There is folk, and then there is black metal. For some, never the twain shall meet. On its own and in the absence of any sub-categorical prefixes, with its typically clear-cut softness, the influence of tradition/nostalgia, and the sole reliance on acoustic instrumentation, traditional folk music is capable of being lovely, if not moving. One could then deduce that the other side of this coin can only be something harsh, cold, dark, and electric, which is essentially the sonic representation of black metal. The latter has the propensity to be equally moving and at least subjectively lovely, but in a much more visceral or cathartic manner. While all genres can easily be poorly performed, there is something particular about the ease with which black metal and folk can go wrong, never mind the attempts at merging such contrasting opposites together and the subsequent auditory disasters that occur.
Since its beginning in 1990 with the band Skyclad and the release of the viking metal pillar that is Bathory‘s Hammerheart, for example, folk metal has taken several different paths and forms; the merits of which are debated amongst metal fans. Provided with some generalized developments into an all-too-common kitsch, a tawdry aesthetic, and the sensation that perhaps you should be drinking beer with pirates and/or wearing your favorite Hot Topic poet shirt while shredding on a mandolin, there is a disdain many serious or “purist” listeners of black metal feel towards this subgenre, leading them to be a bit reticent to give any form of folk music a chance when it pertains to anything heavy. But as Friedrich Nietzsche—who is so frequently referenced and often held in high esteem amongst creators and fans of dark music—once said, “There are no absolute truths.”
Zur Ew’gen Ruh, released in November of 2014 on Percht (a Steinklang Industries sublabel), is a collaborative album created by the alpine folk band Sturmpercht in conjunction with Stefan Traunmuller‘s solo black metal project, Rauhnåcht. For those that like black metal but have a non-existent interest in folk, while variety is the spice of life, this is probably not the album for you. If you appreciate both genres, however, yet possess a purist’s skepticism towards their fusion, then this is a refreshing release that deserves some of your attention.
Remaining consistent with the idiosyncratic presentations of their former releases, Sturmpercht yet again delivers with a package manifesting a weight of thoughtful intent, immediately combating some of the aforementioned kitsch that is unfortunately present on a great deal of folk metal records. The simple and earth-toned imagery of a forest with translucent overlays is much easier to take seriously than, say, a brightly colored Celtic-font-imbued band logo that has been stiffly placed upon over-processed photography. Sure, one might argue, “You can’t judge a book by its cover,” but presentation is important, and while there are always exceptions (no absolute truths), it’s fairly easy to tell what you’re about to hear if an album cover is a photo of a band clearly confused about which culture their folk is derived from as the members don some strange combination of modernized Roman armor, leather straps, and Anglo-Saxon peasant shirts. You will not experience any such confusion here as there are no cultural or influential inconsistencies within this album.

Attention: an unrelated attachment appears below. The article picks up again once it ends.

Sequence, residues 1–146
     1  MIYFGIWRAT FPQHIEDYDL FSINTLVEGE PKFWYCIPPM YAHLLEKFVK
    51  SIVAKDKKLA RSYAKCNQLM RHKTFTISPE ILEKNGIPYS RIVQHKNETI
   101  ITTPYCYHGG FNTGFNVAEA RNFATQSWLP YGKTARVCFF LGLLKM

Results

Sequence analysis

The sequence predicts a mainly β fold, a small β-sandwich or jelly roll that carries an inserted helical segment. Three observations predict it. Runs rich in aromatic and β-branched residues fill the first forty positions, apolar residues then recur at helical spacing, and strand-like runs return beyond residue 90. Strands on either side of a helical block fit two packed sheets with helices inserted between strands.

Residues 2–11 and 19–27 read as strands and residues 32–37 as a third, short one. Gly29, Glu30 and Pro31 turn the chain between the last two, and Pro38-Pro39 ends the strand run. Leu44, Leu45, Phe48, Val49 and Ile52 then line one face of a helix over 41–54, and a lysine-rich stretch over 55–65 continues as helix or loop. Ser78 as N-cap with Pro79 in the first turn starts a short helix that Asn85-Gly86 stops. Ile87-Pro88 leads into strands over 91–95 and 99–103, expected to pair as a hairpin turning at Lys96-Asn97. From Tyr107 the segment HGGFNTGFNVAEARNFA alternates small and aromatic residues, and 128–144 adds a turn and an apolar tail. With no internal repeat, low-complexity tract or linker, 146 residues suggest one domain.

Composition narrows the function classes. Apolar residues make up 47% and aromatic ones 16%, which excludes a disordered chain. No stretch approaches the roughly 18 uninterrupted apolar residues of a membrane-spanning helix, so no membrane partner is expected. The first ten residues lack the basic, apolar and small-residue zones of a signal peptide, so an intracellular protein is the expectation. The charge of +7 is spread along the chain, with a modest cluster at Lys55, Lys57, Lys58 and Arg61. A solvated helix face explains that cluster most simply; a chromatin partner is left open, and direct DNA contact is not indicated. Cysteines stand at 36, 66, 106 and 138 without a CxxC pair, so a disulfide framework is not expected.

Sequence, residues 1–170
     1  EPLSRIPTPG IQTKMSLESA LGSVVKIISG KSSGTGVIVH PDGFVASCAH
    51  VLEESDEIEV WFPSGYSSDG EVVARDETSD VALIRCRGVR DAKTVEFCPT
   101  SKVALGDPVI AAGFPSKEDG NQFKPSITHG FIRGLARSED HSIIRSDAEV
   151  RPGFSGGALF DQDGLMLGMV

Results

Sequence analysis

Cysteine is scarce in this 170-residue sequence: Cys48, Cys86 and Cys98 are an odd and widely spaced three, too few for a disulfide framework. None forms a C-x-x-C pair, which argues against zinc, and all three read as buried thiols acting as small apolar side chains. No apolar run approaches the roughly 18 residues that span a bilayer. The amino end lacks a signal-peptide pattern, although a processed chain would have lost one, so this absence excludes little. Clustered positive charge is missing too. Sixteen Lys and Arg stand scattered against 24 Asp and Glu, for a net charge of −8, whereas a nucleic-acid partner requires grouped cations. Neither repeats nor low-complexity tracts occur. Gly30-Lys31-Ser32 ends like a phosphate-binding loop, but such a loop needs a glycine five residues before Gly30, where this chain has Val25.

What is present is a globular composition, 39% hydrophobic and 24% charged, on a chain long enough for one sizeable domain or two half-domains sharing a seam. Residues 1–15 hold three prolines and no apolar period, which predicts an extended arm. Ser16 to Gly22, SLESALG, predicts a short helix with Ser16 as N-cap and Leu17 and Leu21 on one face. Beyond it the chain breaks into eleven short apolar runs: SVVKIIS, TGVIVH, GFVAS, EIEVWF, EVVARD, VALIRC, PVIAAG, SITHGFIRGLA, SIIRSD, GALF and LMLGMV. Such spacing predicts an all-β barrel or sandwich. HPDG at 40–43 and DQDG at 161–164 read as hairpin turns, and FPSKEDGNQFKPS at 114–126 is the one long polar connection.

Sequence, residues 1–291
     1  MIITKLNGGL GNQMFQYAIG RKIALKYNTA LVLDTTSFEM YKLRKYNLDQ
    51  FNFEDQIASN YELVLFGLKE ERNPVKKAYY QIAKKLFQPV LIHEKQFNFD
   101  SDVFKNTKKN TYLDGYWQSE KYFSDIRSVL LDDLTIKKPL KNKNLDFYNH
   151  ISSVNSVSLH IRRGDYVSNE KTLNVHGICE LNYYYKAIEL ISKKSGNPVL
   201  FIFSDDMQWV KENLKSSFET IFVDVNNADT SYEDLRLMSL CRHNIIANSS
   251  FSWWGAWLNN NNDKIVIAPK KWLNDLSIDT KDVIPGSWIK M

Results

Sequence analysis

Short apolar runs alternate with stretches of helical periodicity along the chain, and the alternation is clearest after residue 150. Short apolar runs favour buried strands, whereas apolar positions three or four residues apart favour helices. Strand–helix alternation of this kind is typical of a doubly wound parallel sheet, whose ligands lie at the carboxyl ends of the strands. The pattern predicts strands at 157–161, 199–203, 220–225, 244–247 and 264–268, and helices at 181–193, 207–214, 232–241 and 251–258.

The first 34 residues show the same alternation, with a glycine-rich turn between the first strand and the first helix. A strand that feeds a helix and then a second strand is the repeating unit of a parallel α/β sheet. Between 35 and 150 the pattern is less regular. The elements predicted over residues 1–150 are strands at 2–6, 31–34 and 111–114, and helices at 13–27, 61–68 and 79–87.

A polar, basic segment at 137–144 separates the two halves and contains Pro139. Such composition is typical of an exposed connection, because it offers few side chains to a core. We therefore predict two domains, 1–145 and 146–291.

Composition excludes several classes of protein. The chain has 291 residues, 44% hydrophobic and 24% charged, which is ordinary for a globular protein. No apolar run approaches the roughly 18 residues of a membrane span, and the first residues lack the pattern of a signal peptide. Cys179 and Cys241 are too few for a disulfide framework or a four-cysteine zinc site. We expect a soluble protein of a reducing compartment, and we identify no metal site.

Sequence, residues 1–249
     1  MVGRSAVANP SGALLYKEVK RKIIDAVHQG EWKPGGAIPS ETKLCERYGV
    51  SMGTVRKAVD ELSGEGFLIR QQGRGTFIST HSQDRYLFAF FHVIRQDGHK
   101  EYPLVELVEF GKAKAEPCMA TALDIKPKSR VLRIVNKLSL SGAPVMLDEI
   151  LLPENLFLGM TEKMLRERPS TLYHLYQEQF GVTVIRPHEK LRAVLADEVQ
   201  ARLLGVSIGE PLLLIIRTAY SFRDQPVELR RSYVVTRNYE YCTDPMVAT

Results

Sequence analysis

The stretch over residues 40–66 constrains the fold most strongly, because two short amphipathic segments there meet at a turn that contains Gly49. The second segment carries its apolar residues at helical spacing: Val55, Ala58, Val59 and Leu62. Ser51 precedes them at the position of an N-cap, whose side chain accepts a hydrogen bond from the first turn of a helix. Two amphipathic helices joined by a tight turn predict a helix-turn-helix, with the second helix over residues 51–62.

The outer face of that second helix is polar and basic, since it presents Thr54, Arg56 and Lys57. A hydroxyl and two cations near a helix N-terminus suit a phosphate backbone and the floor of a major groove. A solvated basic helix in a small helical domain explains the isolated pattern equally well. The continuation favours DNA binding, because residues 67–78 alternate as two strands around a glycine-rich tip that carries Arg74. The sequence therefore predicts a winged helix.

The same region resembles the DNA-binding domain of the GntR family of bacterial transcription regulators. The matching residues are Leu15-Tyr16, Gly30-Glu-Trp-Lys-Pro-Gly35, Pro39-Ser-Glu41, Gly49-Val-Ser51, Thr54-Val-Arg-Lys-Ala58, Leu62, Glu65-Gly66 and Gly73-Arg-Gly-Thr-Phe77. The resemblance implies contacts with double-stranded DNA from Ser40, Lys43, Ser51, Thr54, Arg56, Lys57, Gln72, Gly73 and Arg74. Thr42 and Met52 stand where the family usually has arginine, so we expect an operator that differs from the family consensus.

The first song, “Geist” (Ghost)—with its supremely forlorn and dark-folk beginning—consists of guitars, flute, violin, harp, the ever so magnificent and haunting hurdy gurdy, minimal and thunderous reverb-laden percussion, and exquisite vocal harmonies. The power of these instruments and melodies combined form an auditory apparition of a guide, presenting the duration of Zur Ew’gen Ruh, which translates as “to eternal rest.” The songwriting found in this first track particularly is excellent. The steady progressions build in ways that keep your ears interested all the way to where the music then tumbles off the expected cliff into the inevitable pit of metal, complete with blackened, grating vocals.
The album consists of four actual songs with double the number of tracks, each track essentially alternating between collaborators—starting with folk and then being matched, mirrored, or revisited with black metal. Sturmpercht and Rauhnåcht each draw upon the same Alpine folklore, traditions, customs, and superstitions individually and collectively, and on this recording they maintain similar musical characteristics, instrumentation, and phrasing in a considerate fashion. The folk maintains its darkness while the initially mid-tempo black metal gradually intensifies throughout, but their commonalities combine nicely to form something cohesive. The authenticity and maturity of the arrangements certainly distinguish their endeavor from some of the less serious efforts that exist within this subgenre. This is specifically evident in “Die Tausendjahrige Eiche,” where the two play off of each other in a nearly cinematic way before building to the triumphant ending, which is the title track of the album. There are plenty of spaces such as this where the “black and white” merge, gracefully revealing the capacity for a gray area to harmoniously exist between the two, and it is this capacity for each element to be powerful both independently and integratively that seals the success of this collaboration.
02) Die Drei Eisheiligen
03) Zur Ewgen Ruh
04) Die Tausendjahrige Eiche